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CORA, TEXAS. Cora, the first seat of Comanche County, was about sixteen miles southeast of Comanche on the South Leon River in southeastern Comanche County. The county was formed and organized in 1856, and the next year F. A. Thomson and J. E. Bouldin donated eighty acres of the W. H. Murray survey, overlooking the river, for a county seat. The site was beside the Fort Gates and Fort Phantom Hill Road that had already brought people into the area. The community applied for a post office to be called Troy, but the application was denied since there was already a Troy in Bell County. Thomas C. Frost, county land agent, suggested the name Cora, for Miss Cora Beeman, daughter of Maj. Alonzo Beeman of Moffat, Bell County. This name was accepted, and James M. Cross, who had opened the first store in Cora in 1857, was appointed postmaster. Within a year, the community had two stores and a steam saw and grist mill. The town of Cora flourished until 1858, when some Comanche County land was made part of Hamilton County. This left Cora too far from the center of Comanche County to qualify as the county seat. The town of Comanche was created, and the county government moved there in July 1859. Though Indian problems slowed the local settlement rate after 1858, the 1860 census showed Cora to be a community of twenty-five houses, of which twenty-three were occupied. The 136 individuals reported as residents at that time made up nearly 20 percent of the county population and included twelve farmers or stock raisers, four mechanics, three merchants, two wagonmakers, two blacksmiths, two wagoners, two millers, a house carpenter, a schoolteacher, and a trader. Cora declined, and its post office closed in 1867. Old building foundations were visible at the site as late as 1880. By 1900, however, nothing remained of the community but the cemetery, which is today situated well back on private property. The few grave markers left by the 1990s in the unfenced cemetery dated from between 1859 and 1893; the cemetery also included many unmarked graves. Part of the log structure that had served as the first courthouse had been moved to a site on the bluff overlooking the river, where it was used as a residence.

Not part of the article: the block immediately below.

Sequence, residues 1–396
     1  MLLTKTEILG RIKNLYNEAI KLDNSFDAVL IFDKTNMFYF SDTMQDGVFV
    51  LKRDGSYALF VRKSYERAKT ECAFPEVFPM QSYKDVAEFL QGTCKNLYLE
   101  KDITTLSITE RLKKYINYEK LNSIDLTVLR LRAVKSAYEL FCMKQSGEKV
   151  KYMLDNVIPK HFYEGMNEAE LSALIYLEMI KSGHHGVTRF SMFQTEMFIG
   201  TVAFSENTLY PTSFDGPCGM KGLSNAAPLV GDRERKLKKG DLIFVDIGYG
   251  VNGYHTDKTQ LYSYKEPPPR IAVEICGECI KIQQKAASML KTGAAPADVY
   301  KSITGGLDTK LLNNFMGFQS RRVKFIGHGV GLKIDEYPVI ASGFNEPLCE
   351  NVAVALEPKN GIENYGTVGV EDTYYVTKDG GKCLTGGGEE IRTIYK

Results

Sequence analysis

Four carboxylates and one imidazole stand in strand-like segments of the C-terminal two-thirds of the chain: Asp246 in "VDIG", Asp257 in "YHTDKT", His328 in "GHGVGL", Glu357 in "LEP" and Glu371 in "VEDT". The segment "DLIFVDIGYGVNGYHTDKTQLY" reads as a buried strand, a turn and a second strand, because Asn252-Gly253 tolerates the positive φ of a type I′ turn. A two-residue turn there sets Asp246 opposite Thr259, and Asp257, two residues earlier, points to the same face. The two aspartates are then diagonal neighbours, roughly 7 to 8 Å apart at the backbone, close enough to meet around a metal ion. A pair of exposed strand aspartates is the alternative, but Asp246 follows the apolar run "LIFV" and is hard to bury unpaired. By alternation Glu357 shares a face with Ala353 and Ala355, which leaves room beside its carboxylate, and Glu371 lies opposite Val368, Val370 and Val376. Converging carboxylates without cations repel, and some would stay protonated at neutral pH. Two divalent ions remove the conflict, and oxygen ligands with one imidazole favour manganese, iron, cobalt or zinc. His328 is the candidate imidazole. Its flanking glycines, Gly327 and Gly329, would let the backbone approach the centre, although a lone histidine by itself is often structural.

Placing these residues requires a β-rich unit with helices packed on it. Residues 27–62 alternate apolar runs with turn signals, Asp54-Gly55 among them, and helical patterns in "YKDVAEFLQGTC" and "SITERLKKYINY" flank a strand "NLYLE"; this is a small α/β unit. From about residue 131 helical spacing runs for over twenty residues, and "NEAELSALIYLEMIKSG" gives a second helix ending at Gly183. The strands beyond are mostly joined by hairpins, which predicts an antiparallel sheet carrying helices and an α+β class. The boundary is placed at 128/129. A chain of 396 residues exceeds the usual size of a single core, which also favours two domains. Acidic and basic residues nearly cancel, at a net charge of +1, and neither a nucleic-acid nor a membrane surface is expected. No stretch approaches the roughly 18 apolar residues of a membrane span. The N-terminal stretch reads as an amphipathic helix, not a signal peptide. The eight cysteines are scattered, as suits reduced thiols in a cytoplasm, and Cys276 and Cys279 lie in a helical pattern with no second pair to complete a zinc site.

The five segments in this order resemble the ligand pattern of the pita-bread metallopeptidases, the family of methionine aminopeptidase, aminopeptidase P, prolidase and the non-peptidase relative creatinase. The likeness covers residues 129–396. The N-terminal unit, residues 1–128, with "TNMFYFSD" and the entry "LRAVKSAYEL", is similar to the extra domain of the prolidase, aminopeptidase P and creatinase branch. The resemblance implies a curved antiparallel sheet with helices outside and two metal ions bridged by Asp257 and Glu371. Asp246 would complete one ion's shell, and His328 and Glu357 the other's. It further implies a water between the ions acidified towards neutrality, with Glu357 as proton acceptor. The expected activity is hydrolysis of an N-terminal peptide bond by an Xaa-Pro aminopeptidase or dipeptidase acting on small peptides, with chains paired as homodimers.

BIBLIOGRAPHY:Marker Files, Texas Historical Commission, Austin. Margaret and Samuel J. C. Waring, Comanche County Gravestone Inscriptions (Vol. 3, Comanche, Texas, 1981). Eulalia Nabers Wells, Blazing the Way: Tales of Comanche County Pioneers (Blanket, Texas, 1942).
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The following, adapted from the Chicago Manual of Style, 15th edition, is the preferred citation for this article.Handbook of Texas Online, Margaret Tate Waring, "CORA, TX," accessed May 22, 2019, http://www.tshaonline.org/handbook/online/articles/hvc76.
Uploaded on June 12, 2010. Published by the Texas State Historical Association.